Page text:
Hello fish eye lens ! #squaready #potd #fisheyelens

Outfit of the night :)

Brewing thoughts: A place I called home


I’m very happy to finally have a place I called it a home, my website, likr finally!

Faced a lot of challenges when I was putting together my portfolio especially when it comes to decide which photographs to display. I am also very disorganized about photo storage. Multiple drives with multiple…

check out this site :) hehe 



Following Ang Lee’s second Best Directing win at the Academy Awards last night, this beautiful essay resurfaced. Here is my translation of Ang Lee’s words, written in 2006 (post-Oscar win). 

In 1978, as I applied to study film at the University of Illinois, my father vehemently objected. He quoted me a statistic: ‘Every year, 50,000 performers compete for 200 available roles on Broadway.’ Against his advice, I boarded a flight to the U.S. This strained our relationship. In the two decades following, we exchanged less than a hundred phrases in conversation.

Some years later, when I graduated film school, I came to comprehend my father’s concern. It was nearly unheard of for a Chinese newcomer to make it in the American film industry. Beginning in 1983, I struggled through six years of agonizing, hopeless uncertainty. Much of the time, I was helping film crews with their equipment or working as editor’s assistant, among other miscellaneous duties. My most painful experience involved shopping a screenplay at more than thirty different production companies, and being met with harsh rejection each time.

That year, I turned 30. There’s an old Chinese saying: ‘At 30, one stands firm.’ Yet, I couldn’t even support myself. What could I do? Keep waiting, or give up my movie-making dream? My wife gave me invaluable support.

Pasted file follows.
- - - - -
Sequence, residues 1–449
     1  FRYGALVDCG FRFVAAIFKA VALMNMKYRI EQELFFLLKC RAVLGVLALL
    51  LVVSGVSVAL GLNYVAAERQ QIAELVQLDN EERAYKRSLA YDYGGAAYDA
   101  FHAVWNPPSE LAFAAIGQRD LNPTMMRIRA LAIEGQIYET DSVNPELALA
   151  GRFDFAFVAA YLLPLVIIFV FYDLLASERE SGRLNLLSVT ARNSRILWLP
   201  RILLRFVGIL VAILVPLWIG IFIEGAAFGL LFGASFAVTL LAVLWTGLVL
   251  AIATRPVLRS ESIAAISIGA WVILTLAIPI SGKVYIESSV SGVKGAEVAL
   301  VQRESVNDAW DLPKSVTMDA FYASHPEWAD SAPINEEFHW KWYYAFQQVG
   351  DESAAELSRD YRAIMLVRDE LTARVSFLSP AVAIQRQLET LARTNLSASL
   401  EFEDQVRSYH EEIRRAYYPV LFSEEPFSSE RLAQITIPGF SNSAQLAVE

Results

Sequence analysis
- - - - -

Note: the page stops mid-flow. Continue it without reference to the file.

My wife was my college classmate. She was a biology major, and after graduation, went to work for a small pharmaceutical research lab. Her income was terribly modest. At the time, we already had our elder son, Han, to raise. To appease my own feelings of guilt, I took on all housework – cooking, cleaning, taking care of our son – in addition to reading, reviewing films and writing scripts. Every evening after preparing dinner, I would sit on the front steps with Han, telling him stories as we waited for his mother – the heroic huntress – to come home with our sustenance (income).

This kind of life felt rather undignified for a man. At one point, my in-laws gave their daughter (my wife) a sum of money, intended as start-up capital for me to open a Chinese restaurant – hoping that a business would help support my family. But my wife refused the money. When I found out about this exchange, I stayed up several nights and finally decided: This dream of mine is not meant to be. I must face reality.